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Recycling revved up

Recycling is really catching on in Richland County - at home, work and school.

Need proof?

Next week's event, organized by the county to celebrate America Recycles Day, is expected to attract 10,000 people.

Richland County's third annual recycling day will be from 10 a.m. to 4 p.m., Saturday, Nov. 14, at Clemson's Sandhill Research and Education Center in Northeast Richland.

The free event allows county residents to recycle hard-to-dispose-of items - from household chemicals and tires to lightbulbs and batteries with poisonous mercury inside.

The day is part festival, part health fair and part community classroom.

"The more things that we can save from going into the landfill reduces what we pay at the landfill," said Paul Alcantar, the county's recycling director.

"It also makes the environment better, because we're preventing a lot of items from going into the landfill that could potentially be harmful."

Alcantar mentions saving county taxpayers money - it costs $3.5 million a year to bury trash in the landfill as it is - being one motivation to recycle.

Elementary-school teacher Lynn Rogers is motivated by teaching children how to improve their world.

Rogers considers recycling an ethical issue.

"They are so excited about it, and they're so conscientious," said Rogers, who organized a recycling program for fourth- and fifth-graders at Polo Road Elementary. "They're going to save this planet."

And the Richland 2 school district is doing its part as well. So far this year, the district has collected 2,500 lightbulbs for recycling at a cost of 16 cents per bulb, according to spokeswoman Theresa Riley. The district also pays a $50 per-school fee for the recycling program.

Gretchen Lambert also recycles because it's the right thing to do.

"It's just that plain and simple," said Lambert, an architect who helped set up a recycling station for office paper in the Vista that has expanded to glass and plastic.

Whatever reason, Alcantar said residents have increased the amount they recycle at home by 17 percent in the 2 1/2 years since he came to work for Richland County.

The county has tried to make it easier to recycle by setting up three unstaffed stations where folks can drop off junk mail, cereal boxes and glass - items that aren't accepted in the county's curbside program.

And then there's what Alcantar calls "a huge extravaganza of fun and excitement for the family" coming up soon.

The county's America Recycles Day event offers a bunch of environmental-related vendors as well as pony rides for children, live music and an Elvis impersonator, plus free food between 11 a.m. and 1 p.m.

Informational booths will demonstrate how mattresses and plastic are recycled. Groups promoting health and animal welfare will be represented, too.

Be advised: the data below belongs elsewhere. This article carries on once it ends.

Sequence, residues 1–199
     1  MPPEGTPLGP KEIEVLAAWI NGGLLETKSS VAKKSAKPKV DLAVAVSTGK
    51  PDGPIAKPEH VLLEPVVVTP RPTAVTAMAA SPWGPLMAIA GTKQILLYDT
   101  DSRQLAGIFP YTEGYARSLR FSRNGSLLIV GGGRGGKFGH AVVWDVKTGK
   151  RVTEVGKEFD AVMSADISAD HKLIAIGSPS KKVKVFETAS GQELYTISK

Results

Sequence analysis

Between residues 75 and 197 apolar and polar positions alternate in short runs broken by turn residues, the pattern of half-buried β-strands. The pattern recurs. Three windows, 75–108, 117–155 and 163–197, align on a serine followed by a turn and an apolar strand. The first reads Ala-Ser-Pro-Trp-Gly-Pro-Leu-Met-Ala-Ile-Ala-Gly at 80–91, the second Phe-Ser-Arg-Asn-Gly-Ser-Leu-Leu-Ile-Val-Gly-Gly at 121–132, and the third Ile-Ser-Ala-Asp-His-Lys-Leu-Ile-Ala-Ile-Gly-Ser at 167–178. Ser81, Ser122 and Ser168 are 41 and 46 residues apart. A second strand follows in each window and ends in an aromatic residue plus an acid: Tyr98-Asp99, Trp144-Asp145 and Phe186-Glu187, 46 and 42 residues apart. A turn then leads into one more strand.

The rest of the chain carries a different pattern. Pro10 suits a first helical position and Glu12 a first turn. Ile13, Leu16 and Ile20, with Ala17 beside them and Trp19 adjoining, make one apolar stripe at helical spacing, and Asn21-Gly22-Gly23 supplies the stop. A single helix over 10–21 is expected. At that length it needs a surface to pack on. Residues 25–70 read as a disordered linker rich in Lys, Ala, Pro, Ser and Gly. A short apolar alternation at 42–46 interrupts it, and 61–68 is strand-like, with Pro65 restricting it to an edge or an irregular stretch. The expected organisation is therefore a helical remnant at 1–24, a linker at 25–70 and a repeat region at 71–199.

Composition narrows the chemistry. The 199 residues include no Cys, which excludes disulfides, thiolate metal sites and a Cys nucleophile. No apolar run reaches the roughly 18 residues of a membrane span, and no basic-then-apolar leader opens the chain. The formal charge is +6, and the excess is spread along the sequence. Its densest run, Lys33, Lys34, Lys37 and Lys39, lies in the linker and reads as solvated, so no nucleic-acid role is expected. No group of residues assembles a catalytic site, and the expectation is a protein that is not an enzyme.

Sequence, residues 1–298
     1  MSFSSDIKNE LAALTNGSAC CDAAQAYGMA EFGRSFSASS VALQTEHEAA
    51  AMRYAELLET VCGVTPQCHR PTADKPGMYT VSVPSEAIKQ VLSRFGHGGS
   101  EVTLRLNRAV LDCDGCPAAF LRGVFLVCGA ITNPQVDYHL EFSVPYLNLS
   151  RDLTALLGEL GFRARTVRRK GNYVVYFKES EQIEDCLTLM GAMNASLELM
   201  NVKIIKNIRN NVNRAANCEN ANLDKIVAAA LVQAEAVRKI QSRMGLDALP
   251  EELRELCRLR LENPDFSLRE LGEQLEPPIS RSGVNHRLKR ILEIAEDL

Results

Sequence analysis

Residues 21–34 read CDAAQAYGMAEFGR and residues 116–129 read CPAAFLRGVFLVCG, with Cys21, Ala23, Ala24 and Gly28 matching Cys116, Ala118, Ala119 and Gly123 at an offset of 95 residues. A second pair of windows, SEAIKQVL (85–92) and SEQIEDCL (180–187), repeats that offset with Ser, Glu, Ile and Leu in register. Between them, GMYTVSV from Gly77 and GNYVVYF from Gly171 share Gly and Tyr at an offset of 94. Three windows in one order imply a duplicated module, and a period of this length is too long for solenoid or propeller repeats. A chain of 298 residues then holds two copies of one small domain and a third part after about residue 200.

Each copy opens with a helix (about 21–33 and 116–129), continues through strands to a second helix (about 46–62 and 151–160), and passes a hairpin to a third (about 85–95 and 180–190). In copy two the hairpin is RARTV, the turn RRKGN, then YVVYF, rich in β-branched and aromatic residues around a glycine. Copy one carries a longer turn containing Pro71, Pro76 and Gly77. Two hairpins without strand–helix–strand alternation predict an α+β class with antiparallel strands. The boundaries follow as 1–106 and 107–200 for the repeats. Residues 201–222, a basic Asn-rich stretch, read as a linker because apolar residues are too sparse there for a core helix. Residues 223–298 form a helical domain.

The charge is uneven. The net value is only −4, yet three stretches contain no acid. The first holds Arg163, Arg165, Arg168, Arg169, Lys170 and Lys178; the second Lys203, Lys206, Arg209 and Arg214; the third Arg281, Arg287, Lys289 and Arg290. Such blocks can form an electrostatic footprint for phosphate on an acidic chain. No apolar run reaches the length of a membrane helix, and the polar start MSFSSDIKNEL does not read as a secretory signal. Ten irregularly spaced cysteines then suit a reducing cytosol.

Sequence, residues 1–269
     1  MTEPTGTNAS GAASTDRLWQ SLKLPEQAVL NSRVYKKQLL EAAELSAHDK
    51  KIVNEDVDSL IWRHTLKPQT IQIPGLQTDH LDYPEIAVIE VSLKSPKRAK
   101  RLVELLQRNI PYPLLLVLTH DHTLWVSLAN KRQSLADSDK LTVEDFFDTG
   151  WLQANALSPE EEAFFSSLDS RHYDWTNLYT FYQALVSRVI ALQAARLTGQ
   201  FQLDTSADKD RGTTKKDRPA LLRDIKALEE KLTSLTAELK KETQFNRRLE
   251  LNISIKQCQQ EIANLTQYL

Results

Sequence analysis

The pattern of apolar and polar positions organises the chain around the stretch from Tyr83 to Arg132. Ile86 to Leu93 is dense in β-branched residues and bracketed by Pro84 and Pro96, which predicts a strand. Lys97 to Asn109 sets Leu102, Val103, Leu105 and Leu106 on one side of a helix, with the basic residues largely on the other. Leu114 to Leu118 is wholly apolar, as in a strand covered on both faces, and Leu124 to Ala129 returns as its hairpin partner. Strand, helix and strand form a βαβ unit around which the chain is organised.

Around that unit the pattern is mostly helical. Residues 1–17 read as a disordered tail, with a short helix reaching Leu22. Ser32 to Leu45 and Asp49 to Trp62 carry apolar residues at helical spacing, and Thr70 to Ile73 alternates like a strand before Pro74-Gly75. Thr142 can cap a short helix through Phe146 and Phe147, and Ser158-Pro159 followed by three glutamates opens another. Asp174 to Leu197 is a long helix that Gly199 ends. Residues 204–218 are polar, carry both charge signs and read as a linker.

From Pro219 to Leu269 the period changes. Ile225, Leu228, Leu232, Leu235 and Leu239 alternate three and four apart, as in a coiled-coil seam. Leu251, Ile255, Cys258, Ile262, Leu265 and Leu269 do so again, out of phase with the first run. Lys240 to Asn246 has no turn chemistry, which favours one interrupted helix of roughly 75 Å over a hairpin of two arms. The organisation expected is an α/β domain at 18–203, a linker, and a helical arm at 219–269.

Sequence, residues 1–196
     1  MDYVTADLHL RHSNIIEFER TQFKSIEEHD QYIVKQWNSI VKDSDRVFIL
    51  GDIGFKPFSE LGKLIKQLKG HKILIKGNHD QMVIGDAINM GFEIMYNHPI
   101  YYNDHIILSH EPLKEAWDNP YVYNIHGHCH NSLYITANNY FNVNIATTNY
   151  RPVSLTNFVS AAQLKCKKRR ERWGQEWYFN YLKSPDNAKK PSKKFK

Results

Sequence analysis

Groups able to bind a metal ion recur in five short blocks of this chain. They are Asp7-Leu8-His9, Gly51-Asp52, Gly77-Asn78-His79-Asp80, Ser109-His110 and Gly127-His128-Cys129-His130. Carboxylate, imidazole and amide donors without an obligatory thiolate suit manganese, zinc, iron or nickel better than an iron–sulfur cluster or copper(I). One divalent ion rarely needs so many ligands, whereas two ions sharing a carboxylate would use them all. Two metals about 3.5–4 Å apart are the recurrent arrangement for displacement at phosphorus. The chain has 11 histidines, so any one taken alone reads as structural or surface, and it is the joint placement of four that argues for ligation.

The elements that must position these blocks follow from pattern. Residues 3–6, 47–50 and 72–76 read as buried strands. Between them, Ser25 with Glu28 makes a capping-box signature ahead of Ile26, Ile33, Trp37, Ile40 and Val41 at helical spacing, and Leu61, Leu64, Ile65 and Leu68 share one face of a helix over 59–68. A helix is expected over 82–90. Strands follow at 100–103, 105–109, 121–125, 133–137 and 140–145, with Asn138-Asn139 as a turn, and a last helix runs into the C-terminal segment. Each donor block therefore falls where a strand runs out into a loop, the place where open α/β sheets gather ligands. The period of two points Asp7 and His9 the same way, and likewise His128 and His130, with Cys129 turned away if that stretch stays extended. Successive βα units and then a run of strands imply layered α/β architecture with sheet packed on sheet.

Recycling options added this year, based on requests from the public, are:

- Eye glasses and hearing aids by the Lions Club;

- Donations of clothing and household items accepted by a local thrift store;

- Scrap metal, including lawnmowers (remove gas and oil), refrigerators, washers and dryers.

Coming up

Only 250 households with hazardous waste can be processed. Call (803) 576-2446 to reserve an appointment.

When: 10 a.m.-4 p.m. Saturday, Nov. 14 (recycling cuts off at 3 p.m.)

Where: Clemson's Sandhill Research and Education Center, 900 Clemson Road

More details: (803) 576-2446

REUSE, RECYCLE

Electronics

Cell phones and cell phone batteries

Computers and monitors

Printers and copiers

Fax machines

TVs up to 32 inches

VCRs

Small, portable stereos

Scrap metal

Washers and dryers

Wheel rims

Car parts

Lawn mowers

Refrigerators

Awnings

Metal signs

Rebar

Aluminum

Other

Automobile tires (limit four per household)

Mattresses and box springs

Eye glasses and hearing aids

Household hazardous waste

Paint

Cleaning chemicals

Pool chemicals

Pesticides

Drain cleaners

Drop-off sites

Richland County recently set up three stations where residents can recycle glass, junk mail, plastic household containers, steel and aluminum cans, cardboard, cereal boxes, newspaper and magazines.

- The county's public works department, 400 Powell Road, off Pisgah Church Road

- Clemson's Sandhill Research and Education Center, 900 Clemson Road

- Sunoco Recycling, 1132 Idlewilde Blvd., off Bluff Road

County officials will be setting up two new stations in the coming months - one in Blythewood, the other in Eastover.

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